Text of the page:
Oman steps out of the shadows

Oman sits firmly in the shadow of its oil-rich neighbours. But development is helping to push the country’s advertising industry forward, writes Tim Addington

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By  Tim Addington Published  July 2, 2006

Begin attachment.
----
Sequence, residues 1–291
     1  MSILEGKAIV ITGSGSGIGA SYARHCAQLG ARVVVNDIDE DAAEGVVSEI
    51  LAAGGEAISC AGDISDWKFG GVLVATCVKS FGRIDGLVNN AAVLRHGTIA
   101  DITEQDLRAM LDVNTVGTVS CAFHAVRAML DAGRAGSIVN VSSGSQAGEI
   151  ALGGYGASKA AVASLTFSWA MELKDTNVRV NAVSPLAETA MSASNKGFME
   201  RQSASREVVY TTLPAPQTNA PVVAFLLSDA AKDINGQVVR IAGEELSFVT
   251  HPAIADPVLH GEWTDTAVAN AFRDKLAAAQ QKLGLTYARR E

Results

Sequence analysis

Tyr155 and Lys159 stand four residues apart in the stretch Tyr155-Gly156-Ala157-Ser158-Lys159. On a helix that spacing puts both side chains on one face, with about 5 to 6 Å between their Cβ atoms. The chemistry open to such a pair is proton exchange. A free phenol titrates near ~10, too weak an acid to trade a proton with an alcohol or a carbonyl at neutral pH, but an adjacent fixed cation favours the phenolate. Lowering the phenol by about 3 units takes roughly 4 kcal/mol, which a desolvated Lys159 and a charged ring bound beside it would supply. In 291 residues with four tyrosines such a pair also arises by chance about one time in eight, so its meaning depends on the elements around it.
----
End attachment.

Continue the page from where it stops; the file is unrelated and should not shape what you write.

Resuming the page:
Oman steps out of the shadows|~|alfarei200.jpg|~|Mohammad Al Farei, general manager at ad agency Zeenah|~|The words heritage and tradition are frequently used when describing the Sultanate of Oman. Perched at the end of the Arabian Peninsula, the country is the oldest independent state in the Middle East. But despite its history, it remains one of the most under-developed countries in the Gulf region. Until 1970, the country was ruled by Sultan Said bin Taimur, but it was isolated from the rest of the world and dogged by political infighting. During that year his son Sultan Qaboos bin Said deposed him and began a programme of quiet economic and social reform diametrically opposed to that of its more brash northern neighbours. While not blessed with extensive oil reserves afforded to other Gulf states, Oman is slowly carving out its own identity in a region that is dominated by rapid economic development backed by petrodollars. On first glance, visitors to the capital Muscat could be forgiven for thinking that the city, nestled in the foothills of the Hajar Mountains, is stuck in time. There are few modern glass high-rise buildings, an absence of gargantuan shopping malls filled with designer boutiques, and the airport is badly in need of extensive redevelopment. But on closer inspection, life in Muscat, and indeed the whole of Oman, is gradually changing. The country is opening its doors for business and starting to actively engage with the rest of the world. With it comes tourism and the development of high-end luxury resorts such as The Wave and the US$15 billion Blue City development. Manufacturing is also on the move with one of the region’s largest aluminum plants in the region being developed in Sohar. The understated and unpretentious way in which Oman is evolving has won many admirers across the region. The country is also starting to get recognition from multinational corporations already operating in the region and keen to establish first mover advantage in anticipation of its future development. Just last week, Oracle, one of the world’s largest software firms, announced it had established an office in Muscat, closely following on the heels of IT giant HP, which set up shop in the country earlier this year. For the country’s marketing and media industry, these mega projects, the prospect of increased foreign investment and more development cannot come soon enough. For the country’s advertising agencies, tradition still rules much of their creative output. Campaigns are mainly limited to tactical promotion-led work, with very little emphasis placed on brand building. The dominance of print advertising, the lack of outdoor and a small broadcast media sector also hinders the industry’s development. Mohammad Al Farei, general manager at ad agency Zeenah, which is affiliated with Dubai’s TBWA\Raad, says that while the majority of creative work is characterised by promotions, there are signs this is starting to change. “The traditional marketing is still the same and it is still going on like it was in the past. Maybe 60 to 70% of advertising is promotional. But in the last two years we have seen quite a development in brand building,” he says. Ajay Menon, managing director at Fortune Promoseven in Oman, agrees that while promotional advertising is still the dominant force in Oman, there are changes afoot. “This market is purely tactical driven. One can’t compare the output that is generated from this market, mainly because it is a tactical market.” But he adds: “It is moving from very conservative to modern, but modern with a conservative approach. It is still not all out like Dubai. It is a still conservative. It lacks modernity at times, but is moving in that direction.” According to Radha Mukherji, executive director at DDB Oman, the move towards brand building is being spearheaded by the Omani owners, who are beginning to take a more active role in developing their businesses, as opposed to leaving them in the hands of expatriate workers. She says: “The advertising market in Oman has changed in the last couple of years. It was all about buying things. It was all promotion driven. There was no brand advertising at all. But there is a realisation now that you need to build brands. “There is a more long-term perspective happening because the Omani owners are getting more involved in their own products. Before a lot of it was left to expats.” As a result of a market that is monopolised by tactical executions, the standards of creativity are not regarded as high. The protective nature of Oman’s economy has meant that local brands have had little or no competition, enabling them to take a more relaxed and less aggressive approach in the way they market themselves. While this is now changing, brand owners have been slow in reacting to the developing market. Mukherji says: “One of the reasons why advertising and creativity in this part of the world hasn’t reached such a fever pitch is because there are protective markets. “Take detergent for example. Each country would have one local brand and they didn’t have to compete with other brands. It was a case of ‘I’m here this is what I do’. You don’t have to be creative and entertain people. Advertising is about talking to people and driven by market needs. If that works and sells your product, then so be it.” Al Farei says: “I wouldn’t say that creativity is that bad. But it is not up to the standard of work in the UAE and Saudi Arabian market.” And for Mukherji, being creative, while welcomed if given the freedom to do so by a client, should not dictate how an agency works. “I don’t believe in creativity for the sake of creativity and the sake of winning awards,” she says. “Agencies shouldn’t get so self important as to forget that ultimately a client knows his business and knows what works. “It is our job to project his products in a manner that ultimately persuades customers. You have got to understand your target audience. If you do something very creative and it goes over the heads of customers, you get nowhere.” Unlike its neighbouring Gulf states, Oman’s advertising and marketing industry, while owned by locals, is run in the most part by people from the sub-continent. All complain about the difficulty in attracting and retaining experienced staff when they are competing against their more developed neighbours in Dubai, Manama and Doha. Salaries offered are lower than elsewhere in the region and the chances to work on innovative and challenging briefs are limited.||**||Oman steps out of the shadows|~|radha200.jpg|~|Radha Mukherji, executive director, DDB Oman|~|The country’s drive for Omanisation, in which companies over a certain size are required by law to employ nationals, is also having an impact on the development of the advertising industry. And a recent change in the law that allows people to change jobs more easily has only added to the difficulties of agencies. Nitya Padmanabhan, operations manager at Asha Advertising and Marketing, claims that one of the reasons why advertising is so tactically driven and creativity stifled is because many of those involved in client marketing are not experienced marketers but sales people. “There is talent, but talent is latent,” she says. “It has not been explored and no one wants to challenge the talent, because the clients come from different parts of the sub-continent. They are sales and finance guys. “Most of them are not exposed to real-time marketing. The problem stems from there. They come here with a particular purpose, primarily to up the sales, and they are not interested in brand building. They want to get the job done and get out. They have to make a mark; they don’t have time to do brand building. Experienced marketers don’t exist. Those companies that do have them do good work.” Mukherji blames Dubai. “The fact that Dubai is next door is our biggest problem,” she says. “Anyone that wants to come into the region will likely aspire to live in Dubai. Muscat is very rarely the first choice. We can’t compete with the salaries or the availability of interesting and challenging work. To most expats Muscat is a sleepy town. Unless the money is very good, and the money is not as good as in Dubai, then it is difficult to get people here.” However, the soaring cost of living in Dubai and moves towards developing Oman may start to attract the people the industry so desperately needs. “The pace of life is slow, it is perceived as boring compared to places like Dubai, people would rather be in Dubai. I think that is changing though because Dubai is becoming more expensive,” says Padmanabhan. Sandeep Sehgal, general manager at United Media Services, which publishes magazines such as the Oman Economic Review, and women’s lifestyle titles Al Mara as well as having its own advertising and distribution company, says that sustained investment in the industry and Omanisation will eventually prove fruitful for the market. “Talent is related to investment. Dubai is going through certain challenges, it is becoming more expensive which may mean that Oman will become more attractive.” He adds: “Meaningful Omanisation. Building local home grown talent is where the industry should be going. It also gets expats excited, because they are helping to develop that talent.” Al Farei, one of the very few Omani nationals to head up an advertising agency, says that the development of local talent in the advertising industry is crucial to its future success. “People who best understand the market are those that are from the market. There is a huge potential for Omanis to be trained in this business. We have already taken that task onboard and have recruited Omanis in different areas of the business.” While the lack of available consumer research is a problem for all countries across the Middle East, in Oman it is a particular problem. Agencies say that clients are dismissive of research being carried out into the market, claiming they know who their target audience is and what they want. However, according to Padmanabhan, the increase in foreign investment and the changing nature of society means that clients can no longer presume to know what its customers are thinking. “Every other market in the world relies on research,” she says. “We don’t have any syndicated research done by any agency in Oman. It is not right. Who are you speaking to? Clients don’t believe in research because they say ‘I know this guy. Make the logo big and the offer big, that is what they want’. But the market has changed immensely. When I came six years ago, that might have been true, but we have still raised the bar. People are not stupid. If you are going to give them stupid advertising, that is not their problem that is your problem.” Al Farei agues that research should be at the heart of any good advertising campaign. “Research in the local market is not up-to-date in comparison to our neighbouring markets. Research can form the basis for any plans that are made. There is still a gap there that needs to be filled.” Despite the lack of available research, the problem of recruiting and retaining talented staff, and the over reliance on tactical advertising, those working in Oman’s ad industry remain up beat about its future growth. They point to the tourism drive, the development of manufacturing and the increase in foreign investment as positives for the future. Al Farei says: “If you look at Oman it is very different to any other country in the region. It is so rich in terms of culture, in terms of heritage. There is potential to use that as a base.” And what will the industry look like in five years time? Al Farei adds: “We will be playing a role in getting things changed. Oman’s market is opening up to the world. The quality of work and the way people advertise in the local market is going to be very different.” Overtly conscious about the progress of its more developed counterparts in places such as Dubai, it is clear that ad agencies in Oman are readying themselves to take the next step in their development. But as with most things in the country it will be a slow, considered and dignified evolution.||**||